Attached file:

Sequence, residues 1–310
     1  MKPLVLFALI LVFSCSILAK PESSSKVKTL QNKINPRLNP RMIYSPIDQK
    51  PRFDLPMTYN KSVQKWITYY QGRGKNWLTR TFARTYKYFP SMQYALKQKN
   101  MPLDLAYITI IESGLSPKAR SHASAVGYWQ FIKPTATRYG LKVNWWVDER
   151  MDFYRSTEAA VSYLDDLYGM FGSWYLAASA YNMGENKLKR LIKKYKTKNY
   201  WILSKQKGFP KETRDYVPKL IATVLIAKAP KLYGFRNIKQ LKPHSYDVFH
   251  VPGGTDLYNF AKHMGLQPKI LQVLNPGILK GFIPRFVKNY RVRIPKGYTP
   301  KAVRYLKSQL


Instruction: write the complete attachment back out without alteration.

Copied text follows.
Sequence, residues 1–310
     1  MKPLVLFALI LVFSCSILAK PESSSKVKTL QNKINPRLNP RMIYSPIDQK
    51  PRFDLPMTYN KSVQKWITYY QGRGKNWLTR TFARTYKYFP SMQYALKQKN
   101  MPLDLAYITI IESGLSPKAR SHASAVGYWQ FIKPTATRYG LKVNWWVDER
   151  MDFYRSTEAA VSYLDDLYGM FGSWYLAASA YNMGENKLKR LIKKYKTKNY
   201  WILSKQKGFP KETRDYVPKL IATVLIAKAP KLYGFRNIKQ LKPHSYDVFH
   251  VPGGTDLYNF AKHMGLQPKI LQVLNPGILK GFIPRFVKNY RVRIPKGYTP
   301  KAVRYLKSQL